Just like digital disrupted the music industry with the rise of the iPod and later online music services like Pandora and iHeartRadio, the cable and satellite space is going to be in real trouble. Visual content we normally think of for television, movie theaters and DVD players has been on a long transition toward streaming services via the likes of Netflix and others.

Now before you start thinking “duh, we know this”, it’s important that we take the discussion to a deeper level. Beyond the innovation of technology resulting in an advancement in relevance that Streaming Video providers are delivering to the market, there are a few other things that they are taking advantage of that might not be as obvious.

1) People hate their Cable Company – Maybe hate is too strong of a word, but most of us dislike Comcast and the like. We feel you have extorted from us for years, displayed horrible customer service and near zero concern for us as a customer. Your social media has highlighted these facts to many and your prices are not sustainable. Most of use want something better, that gives us control, without the $200+ monthly bill.

2) Content is becoming a Commodity – With the internet expanding in technology and access on a daily basis, we know how to get the content we want, without being tied to our television. Though we like our local content and special “shows”, we are tired of you controlling the content we have access to and when and how we can access it. Additionally, your technology is seemingly ancient and we want the latest, easiest to use and non-tethered options that fit our lifestyle.

3) On Demand Rules Consumption – The way we want to consume content is changing. We have increasingly busy and diverse work hours and responsibilities for career and home. We want access to content when it is convenient for us, not you.

These are just a few of the reasons that Comcast and the like are going to see a disruption in their monopoly businesses. Technology is advancing and driving down price, while increasing access, mobility and on demand capabilities today’s consumer wants. Innovation, service and care has all but disappeared in the space, while prices and restrictions continue to rise. Consumers are screaming for alternatives and the industry is only clamping down harder to retain their domination. This opens the door for massive market disruption.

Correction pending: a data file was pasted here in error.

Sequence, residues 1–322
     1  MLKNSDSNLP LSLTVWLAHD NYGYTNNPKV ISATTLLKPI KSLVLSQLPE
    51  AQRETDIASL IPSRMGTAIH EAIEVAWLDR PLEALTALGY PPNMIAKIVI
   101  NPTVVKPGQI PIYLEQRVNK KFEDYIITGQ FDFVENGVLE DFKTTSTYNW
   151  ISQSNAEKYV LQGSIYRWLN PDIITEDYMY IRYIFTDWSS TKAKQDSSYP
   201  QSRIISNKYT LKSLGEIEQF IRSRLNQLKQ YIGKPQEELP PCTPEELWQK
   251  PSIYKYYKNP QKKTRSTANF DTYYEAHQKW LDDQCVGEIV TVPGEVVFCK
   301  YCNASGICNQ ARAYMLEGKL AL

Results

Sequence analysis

Online Disruption As Well?

These similar constraints and concerns will ultimately disrupt online content consumption patterns as well. As consumers increasingly tire of Google and Facebook controlling the content they’re able to see and easily discover and marketer frustration is amplified for many connected reasons, a shakeup to the status quo is certainly going to come in short order. Consumers want the most recent relevant content in increasingly simplified ways and content marketers, brands and blogs need improved abilities to get in front of those consumers with their content. Do you see the similarities here? Another space rife for disruption.

How do you see relevance and innovation disrupting on and offline brands, marketers and consumers in the future?

 

 

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Filed under Brand, Content, customer service, Facebook, Google, marketers, Marketing, Social Media

9 Characteristics Of Human, NOT Automated Social Media Marketing

Human characteristics of social media marketingThere are a few highly important things that separate big brand social media marketing from everyone else, and that is the human component. Big brands are able to focus their social media marketing on their brand, branding and advertising components that are centered around the company’s image and other major media advertising components. There is little human connection, conversation or relationship building coming out of the larger brands. The majority provide little to none selfless value and it is all about the creative and messaging, which by the way we enjoy seeing some of it.

The Big Brand Approach

As an example of how many larger brands approach social media marketing, I will share an example. I will not name the large beverage company, but I will say that I am a fan of their product and buy it regularly.